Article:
Inventing Polemic: Religion, Print, and Literary Culture in Early Modern England
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BeschreibungJesse Lander explores the development of the book in early modern England as both a physical object and a platform for debate and polemic. Wide-ranging in its consideration of texts, from Foxes Actes and Monuments, Miltons Areopagitica and Hamlet to ephemeral polemical pamphlets from the sixteenth and seventeenth centuries, Inventing Polemic recasts the historical and theological contexts of early modern literature. This study is an important reconsideration of some of the most influential texts of early modern England.
InhaltsverzeichnisIntroduction: The disorder of books; 1. Foxe's Books of Martyrs: printing and popularizing the Actes and Monuments; 2. Martin Marprelate and the fugitive text; 3. 'Whole Hamlets': Q1, Q2, and the work of distinction; 4. Printing Donne: poetry and polemic in the early seventeenth century; 5. Areopagitica and 'The True Warfaring Christian'; 6. Institutionalizing polemic: the rise and fall of Chelsea College; Epilogue: Polite learning.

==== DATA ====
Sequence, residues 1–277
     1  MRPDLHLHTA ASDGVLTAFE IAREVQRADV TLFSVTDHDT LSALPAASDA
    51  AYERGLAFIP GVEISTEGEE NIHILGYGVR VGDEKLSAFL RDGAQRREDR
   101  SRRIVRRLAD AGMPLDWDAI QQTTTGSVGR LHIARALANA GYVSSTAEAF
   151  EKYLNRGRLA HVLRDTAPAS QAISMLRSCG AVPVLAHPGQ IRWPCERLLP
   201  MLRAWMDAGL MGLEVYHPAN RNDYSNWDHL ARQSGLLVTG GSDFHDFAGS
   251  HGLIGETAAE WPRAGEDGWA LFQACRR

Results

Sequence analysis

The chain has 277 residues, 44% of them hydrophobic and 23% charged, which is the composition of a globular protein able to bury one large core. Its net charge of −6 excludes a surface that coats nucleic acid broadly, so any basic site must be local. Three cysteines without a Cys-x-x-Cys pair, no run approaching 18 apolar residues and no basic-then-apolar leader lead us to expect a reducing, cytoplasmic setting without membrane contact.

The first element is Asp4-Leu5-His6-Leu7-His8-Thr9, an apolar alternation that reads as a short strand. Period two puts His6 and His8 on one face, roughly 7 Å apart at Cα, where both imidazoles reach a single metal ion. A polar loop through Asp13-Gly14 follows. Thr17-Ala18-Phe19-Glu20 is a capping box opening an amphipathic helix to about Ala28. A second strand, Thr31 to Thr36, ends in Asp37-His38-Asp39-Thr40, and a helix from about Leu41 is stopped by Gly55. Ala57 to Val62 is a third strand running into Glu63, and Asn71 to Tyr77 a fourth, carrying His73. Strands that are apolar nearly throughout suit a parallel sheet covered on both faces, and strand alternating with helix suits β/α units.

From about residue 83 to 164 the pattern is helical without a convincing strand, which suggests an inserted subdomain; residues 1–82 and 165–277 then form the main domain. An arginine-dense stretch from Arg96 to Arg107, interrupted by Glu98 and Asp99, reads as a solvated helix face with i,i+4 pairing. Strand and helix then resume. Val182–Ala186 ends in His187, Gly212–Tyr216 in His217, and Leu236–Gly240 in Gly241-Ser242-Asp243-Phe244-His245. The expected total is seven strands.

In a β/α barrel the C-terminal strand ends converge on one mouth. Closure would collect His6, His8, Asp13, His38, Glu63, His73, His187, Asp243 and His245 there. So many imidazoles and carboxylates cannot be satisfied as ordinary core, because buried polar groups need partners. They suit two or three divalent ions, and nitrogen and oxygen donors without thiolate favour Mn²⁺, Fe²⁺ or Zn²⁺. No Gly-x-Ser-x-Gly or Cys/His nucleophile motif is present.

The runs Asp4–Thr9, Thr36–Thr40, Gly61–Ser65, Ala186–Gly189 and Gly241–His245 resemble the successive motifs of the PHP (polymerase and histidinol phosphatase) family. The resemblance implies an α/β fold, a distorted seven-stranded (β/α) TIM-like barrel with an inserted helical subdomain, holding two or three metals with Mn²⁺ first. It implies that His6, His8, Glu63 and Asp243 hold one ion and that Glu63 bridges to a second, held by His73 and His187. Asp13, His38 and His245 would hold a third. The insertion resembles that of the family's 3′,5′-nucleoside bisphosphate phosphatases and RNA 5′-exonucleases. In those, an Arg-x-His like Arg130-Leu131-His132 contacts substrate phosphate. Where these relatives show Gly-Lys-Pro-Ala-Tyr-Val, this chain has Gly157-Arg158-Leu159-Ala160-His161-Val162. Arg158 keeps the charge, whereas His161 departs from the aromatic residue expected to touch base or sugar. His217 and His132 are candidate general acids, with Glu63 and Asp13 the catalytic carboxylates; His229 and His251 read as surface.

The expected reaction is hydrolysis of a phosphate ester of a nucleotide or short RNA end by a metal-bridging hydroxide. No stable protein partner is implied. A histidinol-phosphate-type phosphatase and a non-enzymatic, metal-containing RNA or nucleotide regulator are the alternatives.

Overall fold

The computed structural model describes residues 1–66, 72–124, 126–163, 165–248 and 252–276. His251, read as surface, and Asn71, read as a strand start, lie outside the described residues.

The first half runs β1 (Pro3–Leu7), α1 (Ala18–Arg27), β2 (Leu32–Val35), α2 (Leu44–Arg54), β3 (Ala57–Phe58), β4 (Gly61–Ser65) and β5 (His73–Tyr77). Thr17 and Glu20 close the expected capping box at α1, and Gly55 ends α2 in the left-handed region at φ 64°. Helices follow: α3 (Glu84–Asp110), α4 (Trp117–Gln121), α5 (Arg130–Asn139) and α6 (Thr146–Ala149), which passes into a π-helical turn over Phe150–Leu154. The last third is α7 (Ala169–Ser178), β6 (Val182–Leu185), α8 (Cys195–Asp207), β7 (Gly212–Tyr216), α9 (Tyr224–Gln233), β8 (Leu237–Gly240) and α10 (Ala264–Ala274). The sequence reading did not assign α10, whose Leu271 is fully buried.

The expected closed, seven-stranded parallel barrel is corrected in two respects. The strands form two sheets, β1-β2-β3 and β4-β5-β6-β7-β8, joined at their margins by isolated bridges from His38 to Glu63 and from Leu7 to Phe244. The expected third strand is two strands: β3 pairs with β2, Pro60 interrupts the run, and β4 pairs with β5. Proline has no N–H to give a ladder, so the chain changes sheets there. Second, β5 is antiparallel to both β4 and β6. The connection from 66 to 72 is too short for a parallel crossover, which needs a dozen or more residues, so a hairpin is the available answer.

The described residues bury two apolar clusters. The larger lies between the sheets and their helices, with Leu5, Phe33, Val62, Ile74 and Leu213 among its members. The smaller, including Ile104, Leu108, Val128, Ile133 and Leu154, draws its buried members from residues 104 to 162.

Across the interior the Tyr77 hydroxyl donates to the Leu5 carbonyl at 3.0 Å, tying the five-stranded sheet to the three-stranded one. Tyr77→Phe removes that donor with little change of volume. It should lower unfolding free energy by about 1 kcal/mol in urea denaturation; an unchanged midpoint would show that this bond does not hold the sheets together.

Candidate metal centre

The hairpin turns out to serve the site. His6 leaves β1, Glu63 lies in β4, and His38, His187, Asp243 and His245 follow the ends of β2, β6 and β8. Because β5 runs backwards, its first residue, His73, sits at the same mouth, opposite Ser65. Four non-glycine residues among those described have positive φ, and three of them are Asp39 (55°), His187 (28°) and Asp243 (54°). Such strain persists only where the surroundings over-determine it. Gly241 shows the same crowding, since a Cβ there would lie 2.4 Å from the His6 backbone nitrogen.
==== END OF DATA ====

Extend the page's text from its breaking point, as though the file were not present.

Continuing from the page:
PortraitJesse M. Lander is Assistant Professor of English at the University of Notre Dame. His research interests include Renaissance Drama, the Reformation, and Shakespeare Studies.
PressestimmenReview of the hardback: 'Lander's study is important for its sobering argument that 'the literary culture of early modern England was fractious, robust, and deeply polemical ...' SEL: Studies in English Literature Review of the hardback: '... there is a real contribution to several debates here, and this study opens up an illuminating perspective on some key aspects of the period.' The Glass
Untertitel: Sprache: Englisch.
Verlag: CAMBRIDGE UNIV PR
Erscheinungsdatum: Mai 2006
Seitenanzahl: 324 Seiten